That Time in 1971 When Someone Threw a Bomb at the Hanna Theatre

Steve DiMatteo

Hanna Theater in Cleveland, Ohio

Cleveland was once known as "Bomb City, USA" for a reason - and it wasn't just regulated to the ongoing mob wars going on in the city.

On April 26, 1971, even the Hanna Theatre downtown fell victim to a bomb attack. To protest the production of the play Hair - a rock musical that featured plenty of drug use, nudity, sexuality, and obscene language - someone threw a bomb out of their car, which bounced off the theater's marquee and exploded at the curb. It would blow out more than 40 windows in the Hanna Building, causing some minor damage to storefronts, though no one was injured in the blast.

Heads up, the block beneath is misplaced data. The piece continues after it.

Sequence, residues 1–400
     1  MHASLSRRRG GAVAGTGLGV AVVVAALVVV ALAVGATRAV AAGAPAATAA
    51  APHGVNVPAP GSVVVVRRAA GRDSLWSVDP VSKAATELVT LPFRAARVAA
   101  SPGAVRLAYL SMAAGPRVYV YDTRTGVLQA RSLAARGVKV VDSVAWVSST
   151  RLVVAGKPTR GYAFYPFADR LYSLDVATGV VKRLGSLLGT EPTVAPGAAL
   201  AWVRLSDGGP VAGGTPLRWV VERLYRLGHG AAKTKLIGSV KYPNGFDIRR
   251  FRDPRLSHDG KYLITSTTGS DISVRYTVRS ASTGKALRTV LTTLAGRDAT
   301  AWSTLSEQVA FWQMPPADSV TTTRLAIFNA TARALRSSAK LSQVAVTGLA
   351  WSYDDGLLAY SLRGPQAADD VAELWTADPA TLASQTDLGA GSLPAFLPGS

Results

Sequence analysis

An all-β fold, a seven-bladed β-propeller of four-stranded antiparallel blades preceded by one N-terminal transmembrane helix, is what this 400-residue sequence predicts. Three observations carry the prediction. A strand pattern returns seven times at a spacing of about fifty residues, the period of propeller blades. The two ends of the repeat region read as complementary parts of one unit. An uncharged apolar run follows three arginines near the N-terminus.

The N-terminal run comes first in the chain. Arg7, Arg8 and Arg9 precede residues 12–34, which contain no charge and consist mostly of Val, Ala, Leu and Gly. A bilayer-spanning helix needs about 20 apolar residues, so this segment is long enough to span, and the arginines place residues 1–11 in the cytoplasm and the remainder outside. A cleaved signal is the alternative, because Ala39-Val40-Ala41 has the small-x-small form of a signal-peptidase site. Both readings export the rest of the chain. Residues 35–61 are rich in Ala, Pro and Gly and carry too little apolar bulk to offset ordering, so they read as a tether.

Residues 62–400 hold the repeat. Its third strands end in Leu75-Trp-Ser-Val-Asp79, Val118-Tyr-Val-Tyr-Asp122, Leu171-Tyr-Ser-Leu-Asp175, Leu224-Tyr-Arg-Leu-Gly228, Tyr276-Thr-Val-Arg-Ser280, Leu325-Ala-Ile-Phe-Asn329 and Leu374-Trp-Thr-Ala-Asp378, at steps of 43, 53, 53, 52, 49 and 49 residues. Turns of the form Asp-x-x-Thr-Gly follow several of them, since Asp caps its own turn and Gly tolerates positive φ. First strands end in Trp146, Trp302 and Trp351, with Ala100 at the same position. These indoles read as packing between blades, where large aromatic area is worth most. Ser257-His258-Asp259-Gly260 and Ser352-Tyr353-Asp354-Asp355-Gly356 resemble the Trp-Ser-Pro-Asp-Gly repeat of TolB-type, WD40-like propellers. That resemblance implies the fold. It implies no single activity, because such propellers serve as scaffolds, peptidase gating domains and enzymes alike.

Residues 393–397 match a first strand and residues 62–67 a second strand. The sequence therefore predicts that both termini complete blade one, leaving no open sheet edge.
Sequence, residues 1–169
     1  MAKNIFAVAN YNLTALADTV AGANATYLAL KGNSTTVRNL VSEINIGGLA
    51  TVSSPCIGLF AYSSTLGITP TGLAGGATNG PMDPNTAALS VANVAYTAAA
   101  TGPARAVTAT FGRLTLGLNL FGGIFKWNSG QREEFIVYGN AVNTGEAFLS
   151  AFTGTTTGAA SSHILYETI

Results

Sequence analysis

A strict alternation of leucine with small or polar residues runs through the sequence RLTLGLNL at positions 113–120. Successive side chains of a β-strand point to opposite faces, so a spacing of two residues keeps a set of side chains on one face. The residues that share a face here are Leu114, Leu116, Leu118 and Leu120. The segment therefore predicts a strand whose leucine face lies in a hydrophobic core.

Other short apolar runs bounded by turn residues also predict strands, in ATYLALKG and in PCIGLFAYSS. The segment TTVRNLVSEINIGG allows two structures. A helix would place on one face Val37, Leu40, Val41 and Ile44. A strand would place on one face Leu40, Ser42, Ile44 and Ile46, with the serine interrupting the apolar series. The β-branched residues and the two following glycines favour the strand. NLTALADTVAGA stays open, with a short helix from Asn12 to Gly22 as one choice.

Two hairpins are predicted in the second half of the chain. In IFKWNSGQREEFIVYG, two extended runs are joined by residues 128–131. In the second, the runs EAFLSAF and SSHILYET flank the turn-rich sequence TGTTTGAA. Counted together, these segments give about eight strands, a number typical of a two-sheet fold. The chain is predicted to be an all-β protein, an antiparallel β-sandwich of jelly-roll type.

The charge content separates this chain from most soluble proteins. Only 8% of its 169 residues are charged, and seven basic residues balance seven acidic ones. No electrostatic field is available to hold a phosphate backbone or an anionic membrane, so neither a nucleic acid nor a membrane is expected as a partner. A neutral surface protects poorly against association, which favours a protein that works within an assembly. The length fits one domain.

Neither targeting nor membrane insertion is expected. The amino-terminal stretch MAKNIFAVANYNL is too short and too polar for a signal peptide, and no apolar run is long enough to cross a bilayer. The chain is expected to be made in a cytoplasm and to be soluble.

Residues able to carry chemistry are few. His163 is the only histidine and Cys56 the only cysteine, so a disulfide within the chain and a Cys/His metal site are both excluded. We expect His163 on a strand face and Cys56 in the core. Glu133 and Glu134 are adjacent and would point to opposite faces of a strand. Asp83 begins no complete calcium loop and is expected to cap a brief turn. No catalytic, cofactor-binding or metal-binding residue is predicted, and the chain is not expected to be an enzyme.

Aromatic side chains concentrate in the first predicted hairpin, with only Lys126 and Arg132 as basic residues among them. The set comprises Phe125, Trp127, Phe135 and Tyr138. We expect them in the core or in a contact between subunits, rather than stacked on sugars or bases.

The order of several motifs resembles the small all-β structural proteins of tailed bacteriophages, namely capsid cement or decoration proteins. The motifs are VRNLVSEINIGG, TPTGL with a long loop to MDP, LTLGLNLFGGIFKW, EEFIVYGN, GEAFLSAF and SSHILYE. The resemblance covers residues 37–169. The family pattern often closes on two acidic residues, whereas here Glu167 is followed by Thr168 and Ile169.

Though this event made national headlines, it wasn't the only incident surrounding the show. Just a few days after the show's opening night, three sticks of dynamite were found outside the theater, and there were several other bomb threats made against the theater before the one that was actually carried out.

Tragedy Did Befall Hair in Cleveland, Though

On April 20, just six days before the bombing, family members of the cast were killed in a fire at the Pick-Carter Hotel, where 33 people involved with the show were staying.

Jonathan Johnson and Russel F. Carlson, cast members of the musical, each lost their wives and young children in the fire, which was suspected to be arson. The blaze started in the basement of the building and worked its way up the stairs to all ten floors, ultimately killing seven people and injuring eight.

Sadly, the families of Johnson and Carlson could have ultimately survived had they just stayed in their rooms and not left to go into the hallway of the hotel. One performance of the show was ultimately canceled.

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